As an artist raised in Argentina, Mariela has a very different perspective on repurposing, consuming, and frugality. We love this about her.
To be fair, frugality drives her lack of constant spending, and when she does purchase, most often it’s a great thrift store find or something repurposed. (And yes, she is that girlfriend that always looks unique and amazing.) I find myself constantly admiring her style.
In today’s world of “fast-fashion,” it’s encouraging to know people who understand the effects that manufacturing new clothes has on the environment. All the dyes, high water usage, unfair labor conditions, the list goes on. The entire production is one of the hardest impacts on the planet. A recent article has laid out some harsh numbers. As of just a few years ago, over 40% of young people feel pressure to wear a new outfit every time they go out.
With that mentality, our planet is overflowing with clothes that are considered “disposable.” That drives up demand, as well as a terrifyingly wasteful production line. In 2018, the retailer H&M was apparently sitting on $4.3 billion worth of unpurchased items. Another startling stat: Americans, on average, are buying a new piece of clothing every five days.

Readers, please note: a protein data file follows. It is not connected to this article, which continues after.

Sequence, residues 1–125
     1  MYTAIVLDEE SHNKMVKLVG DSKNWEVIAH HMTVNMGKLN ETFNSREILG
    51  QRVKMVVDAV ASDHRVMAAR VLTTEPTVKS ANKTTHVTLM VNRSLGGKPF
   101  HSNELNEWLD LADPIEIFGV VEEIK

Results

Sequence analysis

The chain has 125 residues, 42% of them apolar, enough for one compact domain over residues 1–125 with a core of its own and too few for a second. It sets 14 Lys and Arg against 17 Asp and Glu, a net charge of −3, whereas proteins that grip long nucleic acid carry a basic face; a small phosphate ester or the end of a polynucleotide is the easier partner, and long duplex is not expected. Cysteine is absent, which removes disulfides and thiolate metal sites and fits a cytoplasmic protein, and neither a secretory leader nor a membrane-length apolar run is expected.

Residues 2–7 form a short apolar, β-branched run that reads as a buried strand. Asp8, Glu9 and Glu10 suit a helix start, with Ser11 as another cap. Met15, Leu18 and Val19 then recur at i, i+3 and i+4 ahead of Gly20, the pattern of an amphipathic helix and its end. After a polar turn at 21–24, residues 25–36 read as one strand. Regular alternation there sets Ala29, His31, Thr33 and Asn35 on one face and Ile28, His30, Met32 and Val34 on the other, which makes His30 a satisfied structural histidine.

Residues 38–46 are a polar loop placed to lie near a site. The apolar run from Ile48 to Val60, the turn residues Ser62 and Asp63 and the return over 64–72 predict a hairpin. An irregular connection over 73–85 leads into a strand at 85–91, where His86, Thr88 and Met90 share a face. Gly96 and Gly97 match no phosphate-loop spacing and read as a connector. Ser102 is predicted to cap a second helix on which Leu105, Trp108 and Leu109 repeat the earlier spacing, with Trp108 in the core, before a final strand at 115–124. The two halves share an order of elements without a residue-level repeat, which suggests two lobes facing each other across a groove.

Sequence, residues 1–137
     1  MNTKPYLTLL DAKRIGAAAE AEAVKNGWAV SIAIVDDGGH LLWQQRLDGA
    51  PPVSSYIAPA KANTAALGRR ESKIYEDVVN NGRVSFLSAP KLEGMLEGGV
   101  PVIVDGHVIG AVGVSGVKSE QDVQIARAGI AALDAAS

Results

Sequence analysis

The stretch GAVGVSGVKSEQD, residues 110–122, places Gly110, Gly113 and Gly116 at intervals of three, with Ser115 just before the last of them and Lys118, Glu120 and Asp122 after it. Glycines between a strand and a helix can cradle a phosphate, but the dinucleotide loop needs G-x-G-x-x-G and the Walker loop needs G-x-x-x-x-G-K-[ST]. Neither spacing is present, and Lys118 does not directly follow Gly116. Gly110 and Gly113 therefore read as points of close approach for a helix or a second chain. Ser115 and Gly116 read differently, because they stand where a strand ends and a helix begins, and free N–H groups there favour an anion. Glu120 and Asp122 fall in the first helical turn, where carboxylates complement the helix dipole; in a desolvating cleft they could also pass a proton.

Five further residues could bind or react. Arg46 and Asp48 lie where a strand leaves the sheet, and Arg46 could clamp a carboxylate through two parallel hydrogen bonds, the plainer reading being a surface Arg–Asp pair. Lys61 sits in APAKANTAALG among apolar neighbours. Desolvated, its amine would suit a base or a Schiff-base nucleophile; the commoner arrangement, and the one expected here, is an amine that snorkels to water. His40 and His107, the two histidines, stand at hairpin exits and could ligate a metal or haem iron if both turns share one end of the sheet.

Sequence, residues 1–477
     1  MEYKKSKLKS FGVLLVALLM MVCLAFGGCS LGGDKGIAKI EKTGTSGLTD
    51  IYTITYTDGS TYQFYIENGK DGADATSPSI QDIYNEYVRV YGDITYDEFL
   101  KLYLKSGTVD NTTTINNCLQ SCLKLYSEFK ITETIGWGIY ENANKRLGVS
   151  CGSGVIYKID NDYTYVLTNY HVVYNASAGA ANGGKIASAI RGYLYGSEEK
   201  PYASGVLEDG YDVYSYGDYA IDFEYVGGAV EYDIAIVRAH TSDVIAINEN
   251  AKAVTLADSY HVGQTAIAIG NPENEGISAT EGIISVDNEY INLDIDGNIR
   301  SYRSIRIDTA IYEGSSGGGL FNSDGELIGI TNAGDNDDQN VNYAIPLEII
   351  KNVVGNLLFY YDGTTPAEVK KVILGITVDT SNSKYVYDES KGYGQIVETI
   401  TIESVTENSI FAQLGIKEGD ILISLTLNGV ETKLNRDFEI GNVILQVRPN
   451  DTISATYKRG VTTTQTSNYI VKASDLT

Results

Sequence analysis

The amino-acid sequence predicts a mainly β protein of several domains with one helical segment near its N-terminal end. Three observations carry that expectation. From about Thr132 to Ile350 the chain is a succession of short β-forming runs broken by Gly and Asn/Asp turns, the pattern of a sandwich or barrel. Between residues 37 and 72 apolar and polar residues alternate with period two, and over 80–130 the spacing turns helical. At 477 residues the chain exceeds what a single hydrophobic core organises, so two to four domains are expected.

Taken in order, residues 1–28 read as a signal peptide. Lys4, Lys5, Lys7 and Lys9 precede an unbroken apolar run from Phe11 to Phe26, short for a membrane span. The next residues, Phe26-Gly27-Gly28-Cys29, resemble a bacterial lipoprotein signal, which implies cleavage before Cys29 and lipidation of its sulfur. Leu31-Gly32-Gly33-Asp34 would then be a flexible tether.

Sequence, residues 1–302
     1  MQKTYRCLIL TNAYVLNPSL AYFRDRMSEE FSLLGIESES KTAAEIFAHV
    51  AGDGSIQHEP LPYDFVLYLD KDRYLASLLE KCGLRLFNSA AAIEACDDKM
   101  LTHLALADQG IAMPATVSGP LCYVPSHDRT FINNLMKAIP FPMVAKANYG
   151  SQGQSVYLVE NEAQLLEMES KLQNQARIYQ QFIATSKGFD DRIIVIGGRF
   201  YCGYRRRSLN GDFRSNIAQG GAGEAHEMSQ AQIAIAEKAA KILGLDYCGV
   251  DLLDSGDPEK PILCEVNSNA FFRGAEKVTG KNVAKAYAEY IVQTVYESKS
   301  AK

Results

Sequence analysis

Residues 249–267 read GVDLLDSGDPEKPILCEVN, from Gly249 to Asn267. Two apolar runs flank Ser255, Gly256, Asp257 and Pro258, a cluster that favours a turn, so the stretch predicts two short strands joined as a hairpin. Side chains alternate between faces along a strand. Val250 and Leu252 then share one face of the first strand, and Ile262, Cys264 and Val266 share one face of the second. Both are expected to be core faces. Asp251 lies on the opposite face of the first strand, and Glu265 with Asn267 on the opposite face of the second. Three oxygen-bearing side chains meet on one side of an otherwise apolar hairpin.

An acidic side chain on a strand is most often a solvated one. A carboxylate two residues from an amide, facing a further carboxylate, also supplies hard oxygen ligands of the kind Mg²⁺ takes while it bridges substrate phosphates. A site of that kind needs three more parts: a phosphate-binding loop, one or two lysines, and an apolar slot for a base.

Mariela simply does not participate in this process, and largely neither do her children. She has shared with me that at times they find her habits frustrating, as most teenagers would. What they will realize as they age, though, is that she is the true environmentalist and role model for us. Her actions are helping move us toward a more sustainable place for their own children, and others all over the world.
When I am with Mariela, I realize our standards of feeling hungry, too hot, or too cold are disproportionate to the rest of the world. She’s also the person who is responsible enough to wait until it’s actually very necessary to run the air conditioner (Which by the way, is way, way past our American standards of a necessity.)
I always find so much joy in my time with her, and for so many reasons. But I also love that her habits and way of life continue to remind me how much more I can do to be part of the solution to mitigate environmental impacts.
Our campout always brings a level of reflection. We cook together, swim, play guitar, and sing. The kids are unplugged and running around, and we ask, “Why can’t it just be like this?” The short answer is that it takes work. The long answer is more involved, and I believe falls into an entirely new category for another article on cognitive dissonance or denial that I am part of the problem.
So I am going to keep asking the question, “What would it look like if we all began to quietly do the work it takes to preserve our planet? What if we could take some hints from Mariela and truly follow-through?”